Ive found that the best way to beat rogue decks is to be 1) be able to figure out whats going on in the first place, and 2) know your own list inside out so you can figure out the lines you need to take as fast as possible.

One way of looking at a swiss tournament is that X players play magic, and eventually the 8 best records make it in. That model for a tournament leaves you with the baseline strategy "maximize match wins."

On the other hand, you could also say a swiss tournament is one in which X players play magic, and if you end the day with 1 or fewer losses, you make top 8. (This is true for most, though not all player counts). This model of a swiss tournament suggests an entirely different strategy. You get to have one loss. If you don't take it, you'll finish higher in the standings and get to play first in the top 8 ... but you have the OPTION of "spending" that loss. It sounds crazy to throw away a game on purpose, but that's not quite what I'm saying. Your loss is a resource you can spend for an upside.

A classic example here is "The Dredge Gambit": opting to run zero anti-dredge cards in your sideboard in a field where you expect a dredge opponent. Assume for argument's sake that you're playing a deck that is very unlikely to win the match without a sideboard. Essentially you're gambling your swiss loss against extra sideboard cards for other matchups. In some cases, this is the right move - even if you DO get paired against Dredge and lose to it.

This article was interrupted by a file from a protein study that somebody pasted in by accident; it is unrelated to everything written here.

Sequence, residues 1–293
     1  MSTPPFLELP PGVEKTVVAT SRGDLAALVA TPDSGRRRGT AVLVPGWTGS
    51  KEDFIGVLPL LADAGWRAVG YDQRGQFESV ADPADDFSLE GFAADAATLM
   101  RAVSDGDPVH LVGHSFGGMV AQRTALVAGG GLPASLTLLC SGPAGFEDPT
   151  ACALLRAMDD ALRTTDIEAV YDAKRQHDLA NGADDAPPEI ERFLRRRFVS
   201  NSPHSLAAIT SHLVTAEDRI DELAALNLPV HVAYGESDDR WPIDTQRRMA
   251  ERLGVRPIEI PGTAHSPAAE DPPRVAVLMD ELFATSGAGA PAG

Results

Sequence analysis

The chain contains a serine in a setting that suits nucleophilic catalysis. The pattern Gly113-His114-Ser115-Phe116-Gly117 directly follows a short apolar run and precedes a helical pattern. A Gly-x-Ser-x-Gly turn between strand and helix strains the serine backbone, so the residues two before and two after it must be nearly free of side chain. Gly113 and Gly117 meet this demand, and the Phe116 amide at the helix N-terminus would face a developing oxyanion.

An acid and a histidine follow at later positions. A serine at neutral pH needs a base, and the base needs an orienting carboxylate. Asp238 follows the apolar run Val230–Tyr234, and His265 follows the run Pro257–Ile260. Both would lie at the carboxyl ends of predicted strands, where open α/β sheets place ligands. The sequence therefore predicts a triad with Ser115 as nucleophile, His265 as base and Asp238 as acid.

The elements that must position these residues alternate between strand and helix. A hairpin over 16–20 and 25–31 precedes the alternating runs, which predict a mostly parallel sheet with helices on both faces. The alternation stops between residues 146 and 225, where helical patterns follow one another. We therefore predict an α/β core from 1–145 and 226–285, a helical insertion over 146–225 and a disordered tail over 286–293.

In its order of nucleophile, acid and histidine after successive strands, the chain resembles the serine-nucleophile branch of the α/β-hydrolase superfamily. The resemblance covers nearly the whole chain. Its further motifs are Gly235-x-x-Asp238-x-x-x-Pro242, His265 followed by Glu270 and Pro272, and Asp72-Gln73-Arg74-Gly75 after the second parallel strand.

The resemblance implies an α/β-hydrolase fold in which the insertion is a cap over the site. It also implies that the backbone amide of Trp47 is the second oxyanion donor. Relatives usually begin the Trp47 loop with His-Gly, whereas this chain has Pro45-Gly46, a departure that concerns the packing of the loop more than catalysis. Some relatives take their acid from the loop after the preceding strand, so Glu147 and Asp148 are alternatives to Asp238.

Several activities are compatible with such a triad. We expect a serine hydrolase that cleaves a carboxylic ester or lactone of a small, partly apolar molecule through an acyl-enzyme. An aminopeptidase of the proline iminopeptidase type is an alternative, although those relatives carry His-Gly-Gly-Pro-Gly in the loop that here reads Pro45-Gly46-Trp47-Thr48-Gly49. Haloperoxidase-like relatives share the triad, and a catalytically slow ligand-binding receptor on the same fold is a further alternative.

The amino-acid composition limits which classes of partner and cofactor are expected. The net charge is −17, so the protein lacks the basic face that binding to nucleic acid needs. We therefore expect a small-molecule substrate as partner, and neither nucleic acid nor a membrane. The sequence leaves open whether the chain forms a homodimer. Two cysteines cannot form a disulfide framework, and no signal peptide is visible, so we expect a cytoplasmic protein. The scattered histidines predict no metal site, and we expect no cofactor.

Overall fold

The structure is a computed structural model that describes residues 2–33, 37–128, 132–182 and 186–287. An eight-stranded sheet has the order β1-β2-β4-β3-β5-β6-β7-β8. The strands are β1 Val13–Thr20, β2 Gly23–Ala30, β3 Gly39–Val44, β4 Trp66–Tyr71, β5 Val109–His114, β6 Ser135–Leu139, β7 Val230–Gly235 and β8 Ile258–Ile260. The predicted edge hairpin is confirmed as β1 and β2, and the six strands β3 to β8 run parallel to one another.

More subtly, you can spend your swiss loss on playing a less consistent deck. You can afford to take one manascrew loss in a tournament, or one "drew all my Grindstones and no Painters" loss. People are basically making this gamble all the time without realizing it. Deciding not to run free counters means you're spending part of your swiss loss on

Of course none of this is discrete. you're not literally taking a loss to run a more powerful deck, but you ARE changing your odds of taking a loss in particular situations, and you're getting a benefit or penalty for making that choice. This isn't new to magic strategy, we think of cards and in-game decisions in probabilistic terms all the time.

Consider how all of this changes with other tournament structures:

  • Would you run the Dredge Gambit in a round-robin tournament where it's impossible to dodge any dredge players who show up?

  • Would you run the Dredge Gambit in a single-elimination tournament where you would HAVE to dodge dredge entirely or be eliminated?

  • Would you run a transformational sideboard in a tournament where decklists were given to each player before the match? How about Cabal Therapy?

  • How many rounds does a tournament have to be before you start worrying about fatigue from playing a decision-heavy deck. Are you less worried about that if the tournament has a lunch break?